January 16, 2013
January 16, 2013
Responsibility for the prudential regulation of insurance activity in or through The Bahamas rests with the Insurance Commission of The Bahamas (ICB). It is responsible for the ongoing supervision and regulation of insurers, agents, brokers, salespersons and external insurers and intermediaries.
All local insurance operations (as distinct from offshore, or captive, insurance) are covered by the Insurance Act, Chapter 347, which was amended in 2009. Registered insurers writing local business pay a premium tax of 3% of gross premiums collected each quarter.
As of Dec 2011, there were 22 active domestic insurers licensed to write local business. In support of this activity, there were 53 agents and brokers, 26 sub-agents and four brokers.
Domestic insurance companies, agents and brokers are members of the Bahamas Insurance Assoc.
The ICB is a member of the International Association of Insurance Supervisors (IAIS) and endorses supervisory and regulatory requirements of the IAIS Insurance Core Principles. The ICB also maintains membership of other regional and international bodies including the Caribbean Assoc of Insurance Regulators (CAIR) and Offshore Group of Insurance Supervisors (OGIS).
Offshore insurance and captives
An offshore insurer is an insurance company licensed and regulated under the External Insurance Act, Chapter
348. It is incorporated in The Bahamas and manages its business from within The Bahamas but only insures risks located outside The Bahamas. As of Dec 31, 2011, there were 13 insurance companies, five insurance managers and three brokers registered under
Under the Act, captive insurance companies are classified as “restricted external insurers” and mainly underwrite the risks of related entities.
The Bahamas offers a convenient and professionally administered location for captive insurance companies. There is a well-equipped and capable regulator in the ICB and a professional infrastructure to support such business.
All offshore insurers licensed in The Bahamas are required to appoint a resident representative, who is often one of the licensed insurance managers and maintain books and records in The Bahamas. Before an offshore company may be licensed, the ICB must be satisfied:
- the company is managed, owned and controlled by persons who are fit and proper;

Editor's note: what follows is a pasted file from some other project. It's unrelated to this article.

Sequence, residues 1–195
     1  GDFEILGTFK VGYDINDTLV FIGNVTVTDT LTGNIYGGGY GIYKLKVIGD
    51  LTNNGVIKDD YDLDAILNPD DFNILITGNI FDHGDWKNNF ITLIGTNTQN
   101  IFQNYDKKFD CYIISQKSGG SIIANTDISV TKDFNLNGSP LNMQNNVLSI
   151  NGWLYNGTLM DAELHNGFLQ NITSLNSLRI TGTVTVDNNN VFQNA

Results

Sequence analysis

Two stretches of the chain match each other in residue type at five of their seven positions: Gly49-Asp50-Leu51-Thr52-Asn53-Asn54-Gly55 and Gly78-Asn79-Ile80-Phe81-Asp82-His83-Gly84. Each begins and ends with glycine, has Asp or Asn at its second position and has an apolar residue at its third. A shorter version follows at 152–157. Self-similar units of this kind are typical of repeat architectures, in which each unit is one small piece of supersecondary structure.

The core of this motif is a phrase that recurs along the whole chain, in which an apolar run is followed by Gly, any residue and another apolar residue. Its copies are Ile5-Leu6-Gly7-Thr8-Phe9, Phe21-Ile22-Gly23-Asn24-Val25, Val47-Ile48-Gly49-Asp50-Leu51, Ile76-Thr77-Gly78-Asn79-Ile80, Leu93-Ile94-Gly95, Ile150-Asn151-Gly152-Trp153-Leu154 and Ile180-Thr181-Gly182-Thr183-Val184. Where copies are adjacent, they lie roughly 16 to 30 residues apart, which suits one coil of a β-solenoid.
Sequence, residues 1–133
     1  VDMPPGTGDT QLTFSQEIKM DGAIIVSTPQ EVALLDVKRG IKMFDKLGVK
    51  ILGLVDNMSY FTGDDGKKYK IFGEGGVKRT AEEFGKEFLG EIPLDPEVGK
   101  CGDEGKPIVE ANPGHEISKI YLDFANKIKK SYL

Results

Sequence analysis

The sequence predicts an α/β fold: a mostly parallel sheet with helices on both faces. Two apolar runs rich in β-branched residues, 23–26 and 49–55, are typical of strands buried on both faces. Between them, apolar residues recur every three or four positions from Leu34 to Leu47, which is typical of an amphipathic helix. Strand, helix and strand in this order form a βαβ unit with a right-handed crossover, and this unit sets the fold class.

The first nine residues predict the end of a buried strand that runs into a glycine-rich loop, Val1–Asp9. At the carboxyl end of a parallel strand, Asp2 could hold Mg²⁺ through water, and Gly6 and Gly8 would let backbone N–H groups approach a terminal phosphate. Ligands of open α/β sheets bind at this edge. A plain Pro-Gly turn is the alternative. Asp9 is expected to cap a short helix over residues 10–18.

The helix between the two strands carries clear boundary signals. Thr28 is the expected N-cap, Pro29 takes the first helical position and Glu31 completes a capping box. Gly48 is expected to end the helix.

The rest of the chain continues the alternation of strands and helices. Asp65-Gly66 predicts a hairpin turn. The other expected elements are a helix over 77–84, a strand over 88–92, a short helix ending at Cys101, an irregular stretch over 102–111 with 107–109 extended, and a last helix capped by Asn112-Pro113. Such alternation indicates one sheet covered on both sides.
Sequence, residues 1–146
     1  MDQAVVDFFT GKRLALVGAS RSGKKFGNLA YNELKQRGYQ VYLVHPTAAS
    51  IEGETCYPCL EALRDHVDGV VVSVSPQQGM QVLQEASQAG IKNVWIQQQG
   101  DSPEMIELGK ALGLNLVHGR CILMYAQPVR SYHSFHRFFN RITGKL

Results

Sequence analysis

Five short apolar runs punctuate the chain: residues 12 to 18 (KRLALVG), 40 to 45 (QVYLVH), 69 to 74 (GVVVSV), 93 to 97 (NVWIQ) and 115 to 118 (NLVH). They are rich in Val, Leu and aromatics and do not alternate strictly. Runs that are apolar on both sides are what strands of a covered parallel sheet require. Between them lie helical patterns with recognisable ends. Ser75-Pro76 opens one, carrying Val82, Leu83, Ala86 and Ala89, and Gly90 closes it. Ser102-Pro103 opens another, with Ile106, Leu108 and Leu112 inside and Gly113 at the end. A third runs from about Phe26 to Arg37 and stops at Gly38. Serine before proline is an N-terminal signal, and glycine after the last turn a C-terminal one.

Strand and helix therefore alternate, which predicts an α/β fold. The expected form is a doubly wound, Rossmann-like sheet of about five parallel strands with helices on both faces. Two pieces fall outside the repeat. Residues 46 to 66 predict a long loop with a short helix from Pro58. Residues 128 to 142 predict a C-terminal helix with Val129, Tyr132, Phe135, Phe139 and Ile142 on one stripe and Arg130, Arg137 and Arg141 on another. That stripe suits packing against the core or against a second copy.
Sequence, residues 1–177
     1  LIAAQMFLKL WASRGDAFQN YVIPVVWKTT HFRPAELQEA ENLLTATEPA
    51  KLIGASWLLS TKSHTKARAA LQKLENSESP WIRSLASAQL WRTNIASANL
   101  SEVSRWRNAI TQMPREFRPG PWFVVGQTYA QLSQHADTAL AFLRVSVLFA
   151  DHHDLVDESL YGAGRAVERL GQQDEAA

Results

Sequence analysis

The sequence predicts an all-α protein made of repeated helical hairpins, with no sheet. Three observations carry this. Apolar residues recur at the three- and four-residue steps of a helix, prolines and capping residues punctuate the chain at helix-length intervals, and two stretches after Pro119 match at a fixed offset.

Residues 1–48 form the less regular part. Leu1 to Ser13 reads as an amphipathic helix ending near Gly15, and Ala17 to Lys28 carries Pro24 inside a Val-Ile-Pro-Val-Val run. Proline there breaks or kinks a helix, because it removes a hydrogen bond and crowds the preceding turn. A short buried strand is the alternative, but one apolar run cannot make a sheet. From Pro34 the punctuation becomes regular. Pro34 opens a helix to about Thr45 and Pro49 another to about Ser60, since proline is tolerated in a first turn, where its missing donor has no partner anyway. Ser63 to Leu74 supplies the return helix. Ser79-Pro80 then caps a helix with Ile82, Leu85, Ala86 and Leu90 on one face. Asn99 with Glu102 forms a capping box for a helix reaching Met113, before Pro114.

- its business plan is acceptable to the ICB;
- adequate books and records will be maintained in The Bahamas;
- there will be adequate management and control of operations; and
- there will be adequate capital to support the business.
Once licensed, the insurer is required to meet annual reporting and audit requirements.
The minimum capital requirement for a licence is $100,000 for general business and $200,000 for long-term business. However, the ICB will require companies to maintain a level of capital commensurate with the size and risks of the operations. Other provisions of the Act include a confidentiality clause to protect the policy holder and tax exemptions for a period of 15 years from the date of first registration.
Interested parties are encouraged to arrange a meeting with the ICB prior to applying. Insurance managers can provide assistance with the licensing applications, ongoing management services and regulatory requirements. There are currently six licensed insurance managers.
Captive insurance companies are alternative providers of protection against the risk of damage or loss and third-party liabilities. They differ from traditional firms in the nature of risks they underwrite or reinsure. They minimize the cost of risk management and may substantially reduce, or even avoid, other expenses such as administration and settlement of claims, loss control expenses, brokerage commissions and other acquisition costs and consulting fees.
Captives also allow self-insurance of a company with a better loss history than its industry average, plus centralization and tailoring of a company’s risk management programmes to improve loss control efficiency. Captives also offer cash flow benefits; access to the reinsurance market; wider coverage than the conventional market–such as providing coverage for a new or potentially hazardous product–and the chance to diversify into open-market insurance services and generate profits from outside or unrelated business.
Annual fees payable under the External Insurance Act Chapter 348:
Unrestricted external insurer $3,500
Restricted external insurer $2,500
External insurance broker $1,000
Underwriting manager $1,000
For more information, contact the Insurance Commission of The Bahamas, Charlotte House, Charlotte and Shirley Sts, PO Box N-4844, Nassau,
tel (242) 397-4183, fax (242) 328-1070, e-mail email@example.com or visit www.icb.gov.bs.